Thursday, February 9, 2017

2014 Germany Trip - St Gangolf's Church @ Trier

Location: Trier, Germany

Itinerary and full experience of my visit to Germany can be accessed through the link below:

Trier has no shortage of churches just like any other German cities with a long history. In fact they even had their churches differentiated by political affiliations due to the fact that the archbishops of past were both religious as well as secular leaders of a city. The Church of St Gangolf was the citizen's church and the second oldest church in Trier, second only to Trier Cathedral.

The Baroque portal that led me from Main Market square into the Church of St Gangolf.

The original church building was built in 958 but replaced by a newer one between 1284 and 1344. However the current baroque outlook was the result of a long list of renovations and additions beginning in 1500. Especially striking from the Main Market square was the tower that stuck out from the surrounding buildings, which was the church's peculiar yet interesting point. The church itself had been surrounded by houses completely, with only the east side facing a street. Even this face would be blocked by stalls during popular months, making the whole church invisible and unknown to passerby, almost as if it wanted to be hidden.

How then does one enter the church? There is in fact an aisle kept open from the Main Market square between two buildings, and a beautiful baroque gate marked the opening, its delicate features standing in stark contrast against the relatively normal looking buildings to its side. This baroque gate was part of the aforementioned list of additions that made the church such a beauty - this portal was built in 1732.

Looking towards the Main Market from the portal.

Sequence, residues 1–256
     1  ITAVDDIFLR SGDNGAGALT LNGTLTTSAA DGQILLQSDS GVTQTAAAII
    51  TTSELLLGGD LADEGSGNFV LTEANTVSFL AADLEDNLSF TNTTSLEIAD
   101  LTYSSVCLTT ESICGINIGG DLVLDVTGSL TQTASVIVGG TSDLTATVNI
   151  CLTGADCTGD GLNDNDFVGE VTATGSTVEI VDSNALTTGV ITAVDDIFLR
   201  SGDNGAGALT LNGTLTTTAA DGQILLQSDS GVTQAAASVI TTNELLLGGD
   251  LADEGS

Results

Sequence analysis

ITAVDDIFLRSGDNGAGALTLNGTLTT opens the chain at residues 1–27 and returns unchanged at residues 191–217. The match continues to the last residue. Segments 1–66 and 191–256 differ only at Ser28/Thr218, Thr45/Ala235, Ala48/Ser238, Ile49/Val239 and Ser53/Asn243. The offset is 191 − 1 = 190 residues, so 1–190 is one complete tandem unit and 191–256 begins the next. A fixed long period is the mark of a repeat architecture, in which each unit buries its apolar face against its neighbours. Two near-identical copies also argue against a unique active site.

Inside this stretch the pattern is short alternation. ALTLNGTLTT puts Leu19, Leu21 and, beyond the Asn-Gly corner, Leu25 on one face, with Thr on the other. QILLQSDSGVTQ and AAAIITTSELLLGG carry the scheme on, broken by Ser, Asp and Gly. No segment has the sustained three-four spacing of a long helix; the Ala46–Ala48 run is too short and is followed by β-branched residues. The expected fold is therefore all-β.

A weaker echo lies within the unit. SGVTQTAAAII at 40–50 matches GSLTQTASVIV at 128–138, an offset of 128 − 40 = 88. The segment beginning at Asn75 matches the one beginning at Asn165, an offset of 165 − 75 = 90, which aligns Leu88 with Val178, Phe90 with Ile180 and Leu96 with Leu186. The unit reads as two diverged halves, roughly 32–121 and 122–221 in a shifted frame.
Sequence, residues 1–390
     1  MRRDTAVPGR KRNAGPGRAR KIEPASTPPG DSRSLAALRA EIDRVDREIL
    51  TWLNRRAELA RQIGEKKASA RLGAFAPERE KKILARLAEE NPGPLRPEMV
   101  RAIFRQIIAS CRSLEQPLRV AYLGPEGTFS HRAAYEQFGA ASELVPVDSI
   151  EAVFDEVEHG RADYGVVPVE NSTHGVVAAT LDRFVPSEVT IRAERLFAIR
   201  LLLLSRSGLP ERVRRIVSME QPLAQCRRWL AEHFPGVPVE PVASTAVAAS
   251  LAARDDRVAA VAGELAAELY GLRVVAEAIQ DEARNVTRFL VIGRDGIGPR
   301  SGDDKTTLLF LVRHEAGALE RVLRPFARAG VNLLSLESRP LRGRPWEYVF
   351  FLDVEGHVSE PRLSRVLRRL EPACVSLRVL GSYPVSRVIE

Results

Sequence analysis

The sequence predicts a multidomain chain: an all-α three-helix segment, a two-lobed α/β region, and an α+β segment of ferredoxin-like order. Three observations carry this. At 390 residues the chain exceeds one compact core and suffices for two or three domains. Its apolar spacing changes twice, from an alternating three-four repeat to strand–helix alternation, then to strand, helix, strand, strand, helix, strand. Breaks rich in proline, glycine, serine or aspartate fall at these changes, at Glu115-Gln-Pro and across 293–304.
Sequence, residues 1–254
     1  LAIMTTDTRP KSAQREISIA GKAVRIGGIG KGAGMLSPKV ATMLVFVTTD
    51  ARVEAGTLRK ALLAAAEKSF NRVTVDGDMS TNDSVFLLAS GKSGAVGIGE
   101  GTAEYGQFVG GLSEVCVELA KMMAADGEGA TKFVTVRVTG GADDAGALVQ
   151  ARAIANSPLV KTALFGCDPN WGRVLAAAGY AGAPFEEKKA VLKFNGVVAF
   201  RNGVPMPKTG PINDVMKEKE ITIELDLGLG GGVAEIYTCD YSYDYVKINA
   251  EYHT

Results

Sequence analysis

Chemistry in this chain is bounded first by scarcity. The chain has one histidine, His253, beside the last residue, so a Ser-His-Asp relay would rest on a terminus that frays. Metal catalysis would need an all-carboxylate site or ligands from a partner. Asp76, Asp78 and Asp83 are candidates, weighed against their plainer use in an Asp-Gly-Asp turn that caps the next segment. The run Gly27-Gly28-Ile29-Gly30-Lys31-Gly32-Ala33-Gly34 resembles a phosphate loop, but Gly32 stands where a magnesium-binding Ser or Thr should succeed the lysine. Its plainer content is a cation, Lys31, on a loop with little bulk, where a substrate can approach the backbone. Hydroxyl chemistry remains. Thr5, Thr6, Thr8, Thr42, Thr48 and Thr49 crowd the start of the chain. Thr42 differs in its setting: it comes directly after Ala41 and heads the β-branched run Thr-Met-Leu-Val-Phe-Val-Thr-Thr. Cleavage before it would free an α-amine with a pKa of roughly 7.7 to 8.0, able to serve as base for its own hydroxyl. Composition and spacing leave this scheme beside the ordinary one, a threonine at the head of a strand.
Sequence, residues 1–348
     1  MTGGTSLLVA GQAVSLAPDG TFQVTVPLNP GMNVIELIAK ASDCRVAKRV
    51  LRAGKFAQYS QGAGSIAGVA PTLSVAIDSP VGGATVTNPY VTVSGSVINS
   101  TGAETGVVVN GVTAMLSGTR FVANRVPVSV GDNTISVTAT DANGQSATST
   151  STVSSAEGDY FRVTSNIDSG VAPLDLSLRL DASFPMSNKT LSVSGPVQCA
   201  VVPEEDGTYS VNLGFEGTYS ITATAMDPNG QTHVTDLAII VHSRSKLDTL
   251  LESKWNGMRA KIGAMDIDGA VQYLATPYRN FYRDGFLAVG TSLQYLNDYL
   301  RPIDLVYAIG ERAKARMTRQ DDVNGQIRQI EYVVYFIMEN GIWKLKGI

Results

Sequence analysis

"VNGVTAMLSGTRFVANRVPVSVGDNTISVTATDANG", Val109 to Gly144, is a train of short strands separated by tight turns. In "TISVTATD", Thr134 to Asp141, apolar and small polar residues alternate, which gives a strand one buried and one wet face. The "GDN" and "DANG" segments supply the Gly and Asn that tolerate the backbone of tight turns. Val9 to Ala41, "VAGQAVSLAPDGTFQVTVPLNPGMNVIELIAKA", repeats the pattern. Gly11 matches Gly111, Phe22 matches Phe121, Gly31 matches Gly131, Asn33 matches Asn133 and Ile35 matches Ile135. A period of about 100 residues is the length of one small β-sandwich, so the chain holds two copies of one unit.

The tallest structure of the church came with its own little history. Originally the tower of the church was only a 4 story building that barely challenged the height of the cathedral. As the archbishop as struggling with the resistance of the townspeople against his rule, the wealthy widow of the Lord Mayor, Adelheid of Besselich, donated to raise the tower by another two floors, essentially making it the tallest structure then, higher ever than the cathedral. The archbishop only managed to secure the funding to raise the cathedral's tower a few years later but he was robbed of his pride.

I was particularly drawn to the church's Gothic features and color scheme rivaling that of an apricot. A plaque on the entrance stated that the paint job was restored in 1984. As if to beckon me welcome, a magnolia was blossoming in the chilly spring weather, its petals scattering across the wind with each breeze. it was truly magical.

The church's tower - notice the 6 distinct levels. The top 2 floors were added during the period where the townspeople silently resist the archbishop's power.


An elaborate tomb

St Gangolf's Church was not just lovely on the outside, it was equally magnificent from the inside. Though the main aisle was only two story high, the ribbed ceiling created an illusion as if it was higher than that. The color scheme extended to the interior, the supporting structures painted in orange yellow.

Ribbed ceiling over center aisle

Stone retable of former St Michael's altar

A sculpture at the side aisle

A beautiful yet unknown corner

I wonder what this is? Why is there a string attached to the ceiling?

Would that be St George who was in progress of defeating the dragon?

One other thing I appreciated visiting the Church of St Gangolf was its relatively lack of visitors. It was not a UNESCO World Heritage Site, and with it partially blocked by surrounding buildings despite its tower sticking out, made it not very obvious as a visitor's spot. I was fortunate that I was lured in by the baroque portal that led me to it, otherwise I would be as ignorant as the next traveler. Definitely a place which I recommend highly to those who prefer something slightly off the beaten path.

Environment:         The second oldest church in Trier close to a market square
Suitable for:            History buffs, church admirers
Visit worthiness:       7/10
Historical value:        5.0/5.0 
Architectural value:  3.0/5.0
Photographic value: 3.0/5.0
Landmark value:      3.0/5.0

Entrance Fee:                  free
Opening Hours:             daily 7.00 a.m. - 6.00 p.m.
Best Moment to Visit: anytime
Length of Visit:              <1 hour


Contact:                    -
E-mail:                      -
Address:                   Grabenstraße 19, 54290 Trier, Germany

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